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PLoS One. 2017 Jan 25;12(1):e0170237. doi: 10.1371/journal.pone.0170237. eCollection 2017.

The Effects of Traditional Chinese Exercise in Treating Knee Osteoarthritis: A Systematic Review and Meta-Analysis.

Author information

1
Department of Rehabilitation Medicine College, Fujian University of Traditional Chinese Medicine, No.1 Qiuyang Road, Shangjie, Minhou, Fuzhou, Fujian, People's Republic of China.
2
Department of Traumatology and Orthopedics College, Fujian University of Traditional Chinese Medicine, No.1 Qiuyang Road, Shangjie, Minhou, Fuzhou, Fujian, People's Republic of China.

Abstract

BACKGROUND AND AIMS:

Traditional Chinese exercise (TCE) includes a variety of exercise, which is being accepted by more and more people in the treatment of knee osteoarthritis (OA) from different countries. With the attendant, many clinical reports focus on it. Our meta-analysis aimed to systematically assess the effects of traditional Chinese exercise on pain, stiffness, physical function, quality of life, mental health and adverse events in people with knee osteoarthritis.

METHODS:

PubMed, Embase, Cochrane Central Register of Controlled Trials (CENTRAL), the Web of Science, and Chinese Biomedical Literature Database (CBM) were searched from the time of their inception through April 2016 and risk of bias was independently assessed by two authors. Outcome measures included pain, physical functional, joint stiffness, quality of life, mental health and safety. For pooled outcomes, standardized mean differences (SMD) and 95% confidence intervals (CI) were calculated.

RESULTS:

Eight randomized controlled trials with a sample size of 375 cases met the criteria to be included in the study indicating that high quality literature is lacking in this field. Results of the meta-analysis showed that short-term TCE could relieve pain (SMD: -0.77;95% CI: -1.13 to -0.41; P<0.0001), improve physical function (SMD -0.75; 95% CI: -0.98 to -0.52; P<0.00001), and alleviate stiffness (SMD: -0.56; 95%: CI -0.96 to -0.16; P<0.006), but had no significant effect on quality of life (SMD: 0.57; 95% CI: 0.17 to 0.97; P = 0.005), and mental health (SMD 4.12; 95% CI: -0.50 to 8.73; P = 0.08). Moreover, TCE was not associated with serious adverse events.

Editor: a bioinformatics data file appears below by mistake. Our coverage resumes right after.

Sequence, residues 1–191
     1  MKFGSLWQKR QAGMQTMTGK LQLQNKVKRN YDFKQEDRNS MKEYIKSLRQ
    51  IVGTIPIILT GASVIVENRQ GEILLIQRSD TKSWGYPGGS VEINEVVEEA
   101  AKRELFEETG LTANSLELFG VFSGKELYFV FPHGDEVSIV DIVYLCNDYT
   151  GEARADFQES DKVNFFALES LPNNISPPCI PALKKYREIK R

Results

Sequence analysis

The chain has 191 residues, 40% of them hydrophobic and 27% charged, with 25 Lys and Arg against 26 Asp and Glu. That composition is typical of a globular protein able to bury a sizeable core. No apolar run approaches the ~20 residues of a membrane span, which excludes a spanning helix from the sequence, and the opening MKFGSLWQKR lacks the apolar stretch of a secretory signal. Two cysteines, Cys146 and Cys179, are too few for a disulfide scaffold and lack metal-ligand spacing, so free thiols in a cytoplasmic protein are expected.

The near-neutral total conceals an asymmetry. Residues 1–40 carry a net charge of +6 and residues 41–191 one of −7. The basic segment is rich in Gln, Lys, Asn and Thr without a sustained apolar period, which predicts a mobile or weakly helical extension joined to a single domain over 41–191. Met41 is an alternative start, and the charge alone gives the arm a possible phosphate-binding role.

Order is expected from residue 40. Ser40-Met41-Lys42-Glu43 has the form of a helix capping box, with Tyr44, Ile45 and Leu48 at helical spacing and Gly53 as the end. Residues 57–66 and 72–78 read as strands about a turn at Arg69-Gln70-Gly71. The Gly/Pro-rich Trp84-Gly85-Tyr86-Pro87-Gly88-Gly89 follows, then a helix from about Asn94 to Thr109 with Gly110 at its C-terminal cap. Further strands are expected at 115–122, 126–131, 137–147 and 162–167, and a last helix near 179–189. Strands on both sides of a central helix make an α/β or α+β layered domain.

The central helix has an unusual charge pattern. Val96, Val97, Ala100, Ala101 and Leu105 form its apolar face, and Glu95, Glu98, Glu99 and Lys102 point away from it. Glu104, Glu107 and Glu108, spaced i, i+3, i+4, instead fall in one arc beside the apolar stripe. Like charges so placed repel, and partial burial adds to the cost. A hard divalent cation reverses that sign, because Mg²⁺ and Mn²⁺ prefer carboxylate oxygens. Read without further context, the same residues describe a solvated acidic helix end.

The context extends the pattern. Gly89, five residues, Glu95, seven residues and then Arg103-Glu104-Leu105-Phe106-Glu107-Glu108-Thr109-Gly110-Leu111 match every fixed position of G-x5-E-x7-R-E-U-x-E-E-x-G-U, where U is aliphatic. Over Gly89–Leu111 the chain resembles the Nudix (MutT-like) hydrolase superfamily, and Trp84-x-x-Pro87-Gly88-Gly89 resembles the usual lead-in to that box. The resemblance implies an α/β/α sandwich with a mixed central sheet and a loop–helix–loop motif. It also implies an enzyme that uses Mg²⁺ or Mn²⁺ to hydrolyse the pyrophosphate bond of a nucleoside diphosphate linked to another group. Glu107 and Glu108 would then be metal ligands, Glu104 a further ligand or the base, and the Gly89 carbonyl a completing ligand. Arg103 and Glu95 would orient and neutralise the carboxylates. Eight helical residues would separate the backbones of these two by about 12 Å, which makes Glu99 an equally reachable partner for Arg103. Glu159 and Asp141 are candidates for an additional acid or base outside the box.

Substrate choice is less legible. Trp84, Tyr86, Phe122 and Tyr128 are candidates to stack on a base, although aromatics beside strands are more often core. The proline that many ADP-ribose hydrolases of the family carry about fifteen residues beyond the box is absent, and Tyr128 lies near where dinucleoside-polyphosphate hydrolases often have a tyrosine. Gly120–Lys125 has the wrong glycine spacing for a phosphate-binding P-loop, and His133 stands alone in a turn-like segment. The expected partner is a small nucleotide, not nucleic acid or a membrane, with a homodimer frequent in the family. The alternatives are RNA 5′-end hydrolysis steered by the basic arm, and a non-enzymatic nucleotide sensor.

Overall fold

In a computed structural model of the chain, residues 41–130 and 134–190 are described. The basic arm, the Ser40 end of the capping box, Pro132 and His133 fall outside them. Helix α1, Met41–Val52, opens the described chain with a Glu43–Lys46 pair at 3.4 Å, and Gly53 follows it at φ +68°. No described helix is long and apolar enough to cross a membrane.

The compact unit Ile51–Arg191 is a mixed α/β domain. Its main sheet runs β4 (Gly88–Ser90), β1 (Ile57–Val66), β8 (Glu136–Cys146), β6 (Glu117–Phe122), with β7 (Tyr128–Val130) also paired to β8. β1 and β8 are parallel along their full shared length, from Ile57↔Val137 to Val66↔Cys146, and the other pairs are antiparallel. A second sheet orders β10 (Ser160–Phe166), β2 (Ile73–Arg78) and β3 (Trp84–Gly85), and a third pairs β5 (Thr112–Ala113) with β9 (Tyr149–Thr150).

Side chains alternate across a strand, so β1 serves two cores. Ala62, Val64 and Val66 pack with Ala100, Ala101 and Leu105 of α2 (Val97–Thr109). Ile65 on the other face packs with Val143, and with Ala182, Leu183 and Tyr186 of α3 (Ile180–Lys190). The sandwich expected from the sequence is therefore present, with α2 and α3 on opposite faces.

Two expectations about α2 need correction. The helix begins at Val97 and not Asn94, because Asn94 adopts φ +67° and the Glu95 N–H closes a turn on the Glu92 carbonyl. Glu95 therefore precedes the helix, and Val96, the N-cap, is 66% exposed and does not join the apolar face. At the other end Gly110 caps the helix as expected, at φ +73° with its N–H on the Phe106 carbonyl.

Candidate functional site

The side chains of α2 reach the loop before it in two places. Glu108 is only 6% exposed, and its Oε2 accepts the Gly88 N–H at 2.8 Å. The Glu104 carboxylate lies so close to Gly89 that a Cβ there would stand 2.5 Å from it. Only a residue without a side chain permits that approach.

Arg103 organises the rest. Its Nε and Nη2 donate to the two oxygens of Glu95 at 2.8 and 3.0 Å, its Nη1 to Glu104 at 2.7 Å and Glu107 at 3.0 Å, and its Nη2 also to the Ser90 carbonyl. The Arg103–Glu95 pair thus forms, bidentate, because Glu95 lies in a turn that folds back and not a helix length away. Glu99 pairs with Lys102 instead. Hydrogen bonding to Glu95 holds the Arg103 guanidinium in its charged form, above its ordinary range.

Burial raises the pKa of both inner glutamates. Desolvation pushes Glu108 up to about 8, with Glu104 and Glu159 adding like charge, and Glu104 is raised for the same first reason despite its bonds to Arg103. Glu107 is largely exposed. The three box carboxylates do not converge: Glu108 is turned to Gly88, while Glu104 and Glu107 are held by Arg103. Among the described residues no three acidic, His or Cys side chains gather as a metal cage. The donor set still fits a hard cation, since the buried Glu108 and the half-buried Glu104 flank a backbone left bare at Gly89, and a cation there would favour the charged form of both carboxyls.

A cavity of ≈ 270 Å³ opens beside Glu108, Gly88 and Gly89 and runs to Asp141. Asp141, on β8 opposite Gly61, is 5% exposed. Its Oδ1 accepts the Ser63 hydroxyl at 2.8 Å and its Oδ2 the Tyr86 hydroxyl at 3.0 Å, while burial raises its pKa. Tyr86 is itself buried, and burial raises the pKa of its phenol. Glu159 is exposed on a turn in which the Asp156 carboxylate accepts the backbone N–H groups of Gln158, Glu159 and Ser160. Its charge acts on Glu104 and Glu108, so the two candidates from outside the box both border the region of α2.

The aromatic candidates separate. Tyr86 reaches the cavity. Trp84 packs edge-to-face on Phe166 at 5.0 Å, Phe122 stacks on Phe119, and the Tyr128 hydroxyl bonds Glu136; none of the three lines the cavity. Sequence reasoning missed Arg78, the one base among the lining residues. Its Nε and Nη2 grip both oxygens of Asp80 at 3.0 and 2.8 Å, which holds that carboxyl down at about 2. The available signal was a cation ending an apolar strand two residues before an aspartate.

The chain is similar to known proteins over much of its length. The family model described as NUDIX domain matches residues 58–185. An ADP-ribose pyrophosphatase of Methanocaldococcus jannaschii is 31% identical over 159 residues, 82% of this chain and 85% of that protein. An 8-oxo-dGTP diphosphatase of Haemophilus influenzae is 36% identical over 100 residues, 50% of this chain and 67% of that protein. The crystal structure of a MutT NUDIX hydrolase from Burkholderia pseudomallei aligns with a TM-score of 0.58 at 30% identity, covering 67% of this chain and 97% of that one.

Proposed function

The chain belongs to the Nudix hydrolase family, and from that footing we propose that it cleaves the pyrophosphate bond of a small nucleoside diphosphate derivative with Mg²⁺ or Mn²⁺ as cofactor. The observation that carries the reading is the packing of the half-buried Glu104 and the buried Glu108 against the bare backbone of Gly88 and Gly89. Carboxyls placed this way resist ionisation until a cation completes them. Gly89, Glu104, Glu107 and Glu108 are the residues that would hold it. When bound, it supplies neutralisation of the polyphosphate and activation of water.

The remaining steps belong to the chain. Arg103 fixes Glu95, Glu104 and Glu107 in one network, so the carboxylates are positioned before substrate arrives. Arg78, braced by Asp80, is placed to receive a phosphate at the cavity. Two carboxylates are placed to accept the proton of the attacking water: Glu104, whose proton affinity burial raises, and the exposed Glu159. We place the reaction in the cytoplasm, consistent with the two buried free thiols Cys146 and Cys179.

CONCLUSIONS:

Our systematic review revealed that short-term TCE was potentially beneficial in terms of reducing pain, improving physical function and alleviating stiffness. These results may suggest that TCE could prove useful as an adjuvant treatment for patients with knee OA. Further studies are urgently needed to confirm these results.

PMID:
28121996
PMCID:
PMC5266306
DOI:
10.1371/journal.pone.0170237
[Indexed for MEDLINE]
Free PMC Article

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